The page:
Controlled burning

One method of forest management is controlled or prescribed burning. It involves burning under carefully controlled conditions. Special attention is paid to factors such as the moisture in leaves and twigs on the ground, the wind speed and direction, and temperature. Controlled burning lowers the risk of wildfire by reducing the buildup of leaves and other fuel for fire and by removing less desirable species that aren’t as fire-tolerant. Controlled burning also creates an open stand and stimulates the growth of many fire-enhanced flowers and legumes.

But controlled burning may damage potential timber crop trees and is not a good practice for all forests. Controlled burning is most often used in fire-tolerant pine stands but is increasingly being used in other forest types. Before conducting any burn, consult a forester.

When burning, consider both aesthetic and habitat modifications. Leave unburned areas around critical habitat or highly valued areas. Level and reseed plowed fire lines with attractive and wildlife-friendly plant mixtures. Also, try to mimic a natural transition or edge around the burned area by curving fire lines.

Harvesting and regenerating mature stands

As a forest reaches biological maturity, it ultimately begins to decline and becomes increasingly susceptible to disease and insects. Eventually, trees die. Deciding how long to maintain your forest depends on factors such as your objectives, market conditions, future land use, insect infestations, storm damage, and appearance.

Deciding when to conduct a harvest also has a lot to do with the tree species being grown. Timber is often harvested when all or some of the crop trees reach financial or biological maturity. A stand has reached financial maturity when it has matured sufficiently to produce the desired timber product. Depending on the tree species, this age can range from as early as 30 years for white pine to as old as 90 years or more for some oaks. However, a tree species may not reach biological maturity until after its financial maturity. For many mast-producing hardwoods, optimum mast production does not occur until age 50 and beyond.

When you decide to harvest the timber on your land, be sure to plan wisely. This preparation is essential for several reasons. Harvests in mature stands can produce significant income for the owner while also creating diverse wildlife habitat. The steps that you take at this point lay the groundwork for the kind of new forest that you would like to emerge after the harvest.

Different types of harvests produce different outcomes. Harvesting lightly and frequently (selection and group selection) regenerates stands containing trees of many ages and sizes. This approach favors tree species that prefer shade. More complete harvests (shelterwood, seed tree, and clearcutting) allow more sunlight to reach the ground, so they favor faster-growing, shade-intolerant species. Complete harvests tend to promote stands of one age or at most two ages. These harvest options are described in more detail below.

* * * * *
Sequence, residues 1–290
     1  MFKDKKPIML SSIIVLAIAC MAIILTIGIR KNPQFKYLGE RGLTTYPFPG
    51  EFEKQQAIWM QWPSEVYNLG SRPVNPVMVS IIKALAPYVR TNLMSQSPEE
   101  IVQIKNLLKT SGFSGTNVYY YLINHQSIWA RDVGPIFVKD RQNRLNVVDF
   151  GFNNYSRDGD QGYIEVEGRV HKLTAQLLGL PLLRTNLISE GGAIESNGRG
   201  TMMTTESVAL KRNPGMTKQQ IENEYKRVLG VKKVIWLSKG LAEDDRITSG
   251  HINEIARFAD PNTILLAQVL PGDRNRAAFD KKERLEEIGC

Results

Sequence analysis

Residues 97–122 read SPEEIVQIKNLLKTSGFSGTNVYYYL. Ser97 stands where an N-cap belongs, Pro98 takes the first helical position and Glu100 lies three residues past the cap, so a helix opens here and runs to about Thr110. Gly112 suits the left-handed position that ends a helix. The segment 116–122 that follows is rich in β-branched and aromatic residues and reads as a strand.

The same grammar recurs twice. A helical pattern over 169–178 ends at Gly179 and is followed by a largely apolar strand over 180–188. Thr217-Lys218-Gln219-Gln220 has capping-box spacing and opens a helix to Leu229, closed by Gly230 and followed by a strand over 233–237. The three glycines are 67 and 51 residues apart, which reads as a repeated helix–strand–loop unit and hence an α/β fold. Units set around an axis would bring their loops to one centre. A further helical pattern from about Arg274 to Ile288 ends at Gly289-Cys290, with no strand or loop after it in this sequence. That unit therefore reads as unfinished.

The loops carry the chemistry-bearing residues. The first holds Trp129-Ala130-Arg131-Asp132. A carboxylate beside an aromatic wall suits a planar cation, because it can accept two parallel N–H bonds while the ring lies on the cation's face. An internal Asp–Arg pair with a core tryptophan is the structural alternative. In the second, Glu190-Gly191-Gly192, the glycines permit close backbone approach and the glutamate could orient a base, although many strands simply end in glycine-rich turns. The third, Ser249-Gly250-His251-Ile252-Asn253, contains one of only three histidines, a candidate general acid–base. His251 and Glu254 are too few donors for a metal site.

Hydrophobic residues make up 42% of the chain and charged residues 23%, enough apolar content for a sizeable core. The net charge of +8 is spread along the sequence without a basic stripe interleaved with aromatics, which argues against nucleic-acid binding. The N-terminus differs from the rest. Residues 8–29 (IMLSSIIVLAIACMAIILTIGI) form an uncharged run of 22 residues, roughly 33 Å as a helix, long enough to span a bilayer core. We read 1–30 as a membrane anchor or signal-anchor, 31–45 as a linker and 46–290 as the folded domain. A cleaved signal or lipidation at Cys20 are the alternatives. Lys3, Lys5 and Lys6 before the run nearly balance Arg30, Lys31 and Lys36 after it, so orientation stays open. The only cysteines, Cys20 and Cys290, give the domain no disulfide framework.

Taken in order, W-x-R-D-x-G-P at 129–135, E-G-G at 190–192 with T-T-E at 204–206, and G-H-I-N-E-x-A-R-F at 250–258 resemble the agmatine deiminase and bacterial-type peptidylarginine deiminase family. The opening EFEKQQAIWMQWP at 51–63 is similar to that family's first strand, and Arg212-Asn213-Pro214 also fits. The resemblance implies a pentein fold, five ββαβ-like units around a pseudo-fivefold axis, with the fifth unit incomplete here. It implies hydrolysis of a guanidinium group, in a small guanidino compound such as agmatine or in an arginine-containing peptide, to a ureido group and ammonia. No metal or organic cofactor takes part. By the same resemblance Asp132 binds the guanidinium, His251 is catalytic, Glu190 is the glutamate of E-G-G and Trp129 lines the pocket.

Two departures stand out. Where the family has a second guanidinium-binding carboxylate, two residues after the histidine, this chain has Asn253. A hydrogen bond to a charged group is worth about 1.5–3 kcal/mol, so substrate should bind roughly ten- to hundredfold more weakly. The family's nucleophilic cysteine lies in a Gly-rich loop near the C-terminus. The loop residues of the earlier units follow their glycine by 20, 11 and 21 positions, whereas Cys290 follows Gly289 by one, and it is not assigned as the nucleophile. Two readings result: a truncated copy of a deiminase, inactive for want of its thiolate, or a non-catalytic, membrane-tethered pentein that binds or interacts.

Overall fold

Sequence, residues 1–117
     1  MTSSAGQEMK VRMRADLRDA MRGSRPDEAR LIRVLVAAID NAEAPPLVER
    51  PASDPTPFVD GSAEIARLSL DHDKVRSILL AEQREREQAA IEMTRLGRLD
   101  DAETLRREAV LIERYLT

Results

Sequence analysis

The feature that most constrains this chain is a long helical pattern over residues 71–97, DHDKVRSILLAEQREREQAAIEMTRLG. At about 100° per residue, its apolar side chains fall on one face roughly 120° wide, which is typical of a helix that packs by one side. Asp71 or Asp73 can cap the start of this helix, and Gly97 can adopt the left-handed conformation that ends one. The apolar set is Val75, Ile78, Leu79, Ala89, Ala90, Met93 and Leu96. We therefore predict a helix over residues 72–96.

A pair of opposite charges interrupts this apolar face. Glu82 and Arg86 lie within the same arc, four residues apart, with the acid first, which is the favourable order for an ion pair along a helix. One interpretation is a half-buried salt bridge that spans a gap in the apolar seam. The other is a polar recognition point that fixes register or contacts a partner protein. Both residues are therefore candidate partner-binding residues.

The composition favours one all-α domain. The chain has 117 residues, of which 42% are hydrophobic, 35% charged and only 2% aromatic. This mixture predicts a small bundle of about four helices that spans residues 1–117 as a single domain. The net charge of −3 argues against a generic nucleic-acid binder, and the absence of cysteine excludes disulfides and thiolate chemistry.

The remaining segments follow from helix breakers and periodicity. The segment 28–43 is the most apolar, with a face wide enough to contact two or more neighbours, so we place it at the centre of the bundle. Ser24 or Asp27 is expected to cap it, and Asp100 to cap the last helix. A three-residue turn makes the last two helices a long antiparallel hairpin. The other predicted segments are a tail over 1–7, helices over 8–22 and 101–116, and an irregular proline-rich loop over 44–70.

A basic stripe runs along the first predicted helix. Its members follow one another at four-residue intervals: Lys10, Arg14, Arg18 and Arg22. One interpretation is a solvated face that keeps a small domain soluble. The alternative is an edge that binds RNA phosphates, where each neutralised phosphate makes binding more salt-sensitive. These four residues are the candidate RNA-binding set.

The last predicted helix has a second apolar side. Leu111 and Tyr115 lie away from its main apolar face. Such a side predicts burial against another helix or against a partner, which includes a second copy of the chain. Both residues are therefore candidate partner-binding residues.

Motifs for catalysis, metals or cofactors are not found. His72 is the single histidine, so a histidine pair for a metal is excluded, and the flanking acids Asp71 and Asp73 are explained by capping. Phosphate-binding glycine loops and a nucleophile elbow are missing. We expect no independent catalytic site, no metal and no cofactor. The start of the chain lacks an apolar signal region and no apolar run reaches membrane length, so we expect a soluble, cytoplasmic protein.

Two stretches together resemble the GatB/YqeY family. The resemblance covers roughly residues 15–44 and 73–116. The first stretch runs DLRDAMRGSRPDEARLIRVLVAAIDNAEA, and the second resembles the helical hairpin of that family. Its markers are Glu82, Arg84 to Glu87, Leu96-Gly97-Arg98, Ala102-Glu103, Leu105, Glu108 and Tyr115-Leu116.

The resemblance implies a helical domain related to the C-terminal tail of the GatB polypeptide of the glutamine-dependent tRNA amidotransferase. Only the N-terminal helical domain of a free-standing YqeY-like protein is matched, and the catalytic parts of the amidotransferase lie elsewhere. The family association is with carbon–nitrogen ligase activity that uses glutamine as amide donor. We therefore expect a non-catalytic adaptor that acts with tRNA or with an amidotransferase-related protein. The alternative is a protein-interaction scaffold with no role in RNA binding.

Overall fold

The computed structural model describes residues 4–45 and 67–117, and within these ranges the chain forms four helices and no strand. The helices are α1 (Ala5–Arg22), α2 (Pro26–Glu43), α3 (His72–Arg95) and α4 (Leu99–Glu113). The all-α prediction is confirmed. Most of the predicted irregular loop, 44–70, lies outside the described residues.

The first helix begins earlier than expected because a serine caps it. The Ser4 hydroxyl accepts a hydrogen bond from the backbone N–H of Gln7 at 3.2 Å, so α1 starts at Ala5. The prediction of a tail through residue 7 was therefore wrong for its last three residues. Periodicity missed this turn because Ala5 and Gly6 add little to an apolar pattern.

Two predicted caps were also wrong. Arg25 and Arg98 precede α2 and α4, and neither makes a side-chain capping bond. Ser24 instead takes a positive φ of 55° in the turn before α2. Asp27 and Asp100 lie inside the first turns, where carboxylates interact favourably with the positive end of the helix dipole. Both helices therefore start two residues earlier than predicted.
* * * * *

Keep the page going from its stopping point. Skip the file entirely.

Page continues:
You can work with your forester to determine the forest harvesting strategy that best fits your needs. Several options are available. Trees can be removed by hand- or machine-felling, and they can be dragged by machine or livestock to a loading area (deck), where logs are loaded and hauled to market. Your forester can make sure your objectives are met and any special concerns are addressed.

Timber harvesting, skidding (dragging), and hauling on forest roads and trails may cause erosion, soil degradation, and sedimentation, which is the pollution of a water body with soil. With the assistance of a forester, you can draw up a timber sale and harvest contract that minimizes environmental harm and assures BMPs are used to protect water quality.

Harvest and Regeneration Options

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Partial harvest

There are many advantages to partial harvest, such as more frequent income and visual attractiveness. A major disadvantage is that it requires more roads and trails, which greatly increases the potential for erosion and sedimentation. Also, selection partial harvest systems do not work well with valuable shade-intolerant or moderately shade-tolerant species, including many pines and quality hardwoods.


Single- or group-tree selection involves harvesting only certain trees in uneven-aged stands that have trees of more than two ages and size classes. Species that thrive in full or partial shade are best suited to these stands. This type of management is complex. It is better suited to larger stands, particularly where the owner wants repeated, frequent timber harvests and income. Considered more pleasing to the eye, selection does require more access roads and trails for timber harvests. Extreme care must be used to avoid damaging trees left after each selective harvest.

Seed tree

Seed-tree harvesting is similar to clear-cutting, but 4 to 20 high quality, seed-producing trees are left per acre to naturally reseed the site after harvest. This method produces an even-aged forest. It is crucial to plan the timing of the harvest to assure adequate seedfall. Planning is also required to remove the seed trees after regeneration since loggers are reluctant to return where there are few trees left. Risks include either not having enough seeds or having too many seeds, resulting in an understocked or overstocked stand.